I live in the city of Branson, Missouri. It’s a big location for live entertainment. Something I have noticed is there are a lot of really great shows. There are also a lot of shows that have been around awhile that haven’t innovated and are hanging around by the skin of their teeth. I have always said it is better to provide quality and charge a little more to support it than to try to thrive on Bargain Basement deals. If some of these shows were to disappear it would give a larger talent pool for the great shows to choose from. Death of a show isn’t necessarily bad, it’s simply a natural process that helps the community around it. It’s a sad thing, yes: however, like a forest fire, the devastation is also filled with nutrients and seeds to bring forth new growth,

End of the Line - DDM CreativeThere is no shame in realizing that your concept just isn’t able to evolve with the times, but if you are wondering if there are options that you haven’t considered to stay afloat and thrive perhaps it’s time to consult a Business Consultant.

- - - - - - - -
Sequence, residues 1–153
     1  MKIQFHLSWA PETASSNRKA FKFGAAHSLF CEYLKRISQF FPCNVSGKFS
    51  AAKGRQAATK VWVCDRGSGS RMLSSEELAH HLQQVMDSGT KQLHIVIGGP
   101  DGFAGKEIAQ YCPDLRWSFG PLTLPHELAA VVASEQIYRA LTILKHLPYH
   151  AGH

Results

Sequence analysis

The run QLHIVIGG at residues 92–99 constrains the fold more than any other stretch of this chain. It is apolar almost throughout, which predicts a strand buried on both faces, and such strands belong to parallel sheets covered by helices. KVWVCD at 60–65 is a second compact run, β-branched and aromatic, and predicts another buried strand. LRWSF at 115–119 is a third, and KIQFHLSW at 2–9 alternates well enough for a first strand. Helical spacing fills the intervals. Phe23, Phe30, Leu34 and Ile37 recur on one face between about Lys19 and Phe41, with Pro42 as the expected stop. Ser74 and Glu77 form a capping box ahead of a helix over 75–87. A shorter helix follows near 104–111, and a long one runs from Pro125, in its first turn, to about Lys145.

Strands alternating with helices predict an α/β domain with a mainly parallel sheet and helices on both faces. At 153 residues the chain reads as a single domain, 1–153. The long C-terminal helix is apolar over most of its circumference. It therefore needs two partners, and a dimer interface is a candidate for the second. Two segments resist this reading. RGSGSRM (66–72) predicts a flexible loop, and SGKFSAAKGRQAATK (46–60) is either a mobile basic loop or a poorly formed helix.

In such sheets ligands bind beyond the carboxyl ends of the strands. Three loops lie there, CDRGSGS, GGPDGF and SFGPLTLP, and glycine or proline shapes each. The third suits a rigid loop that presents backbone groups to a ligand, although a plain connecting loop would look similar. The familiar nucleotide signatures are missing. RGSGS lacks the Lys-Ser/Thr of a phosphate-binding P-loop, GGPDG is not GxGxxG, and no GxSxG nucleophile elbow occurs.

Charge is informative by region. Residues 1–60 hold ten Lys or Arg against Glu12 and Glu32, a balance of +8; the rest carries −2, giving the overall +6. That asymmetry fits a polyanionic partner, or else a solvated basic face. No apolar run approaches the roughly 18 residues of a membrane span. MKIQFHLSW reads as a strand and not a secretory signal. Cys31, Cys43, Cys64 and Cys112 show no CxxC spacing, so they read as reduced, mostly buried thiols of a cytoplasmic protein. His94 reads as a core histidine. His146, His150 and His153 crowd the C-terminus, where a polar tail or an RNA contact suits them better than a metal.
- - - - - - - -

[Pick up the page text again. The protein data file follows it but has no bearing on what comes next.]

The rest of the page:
DDM Creative - Creative Media Services for the Branson and Surrounding AreaA company like DDM Creative may be your best choice to develop a strategy that will get you into these new days and make you more successful and bring more cash to the bottom line. Sometimes having a fresh set of eyes on your situation can give you the focus you need to really push forward in your industry. If you are in Hospitality, Tech, or other Service Industry organizations we specialize in working with those concepts.

There is nothing normal about what has gone on the last year or so, and not every option works for all business models.

Come Back Stronger

It may take a new strategy but whether you feel it or not, you can come back to business prepared for the future, which will make you even stronger and more successful.

Please take an opportunity to leave a comment talking about some new strategies that have worked for you. I am always happy to consult with companies that want to do things a little better, Please drop me a note wherever you read this article. You can also shoot me an email. Like Rocky, you deserve a Punching Chance to come out on top of your game!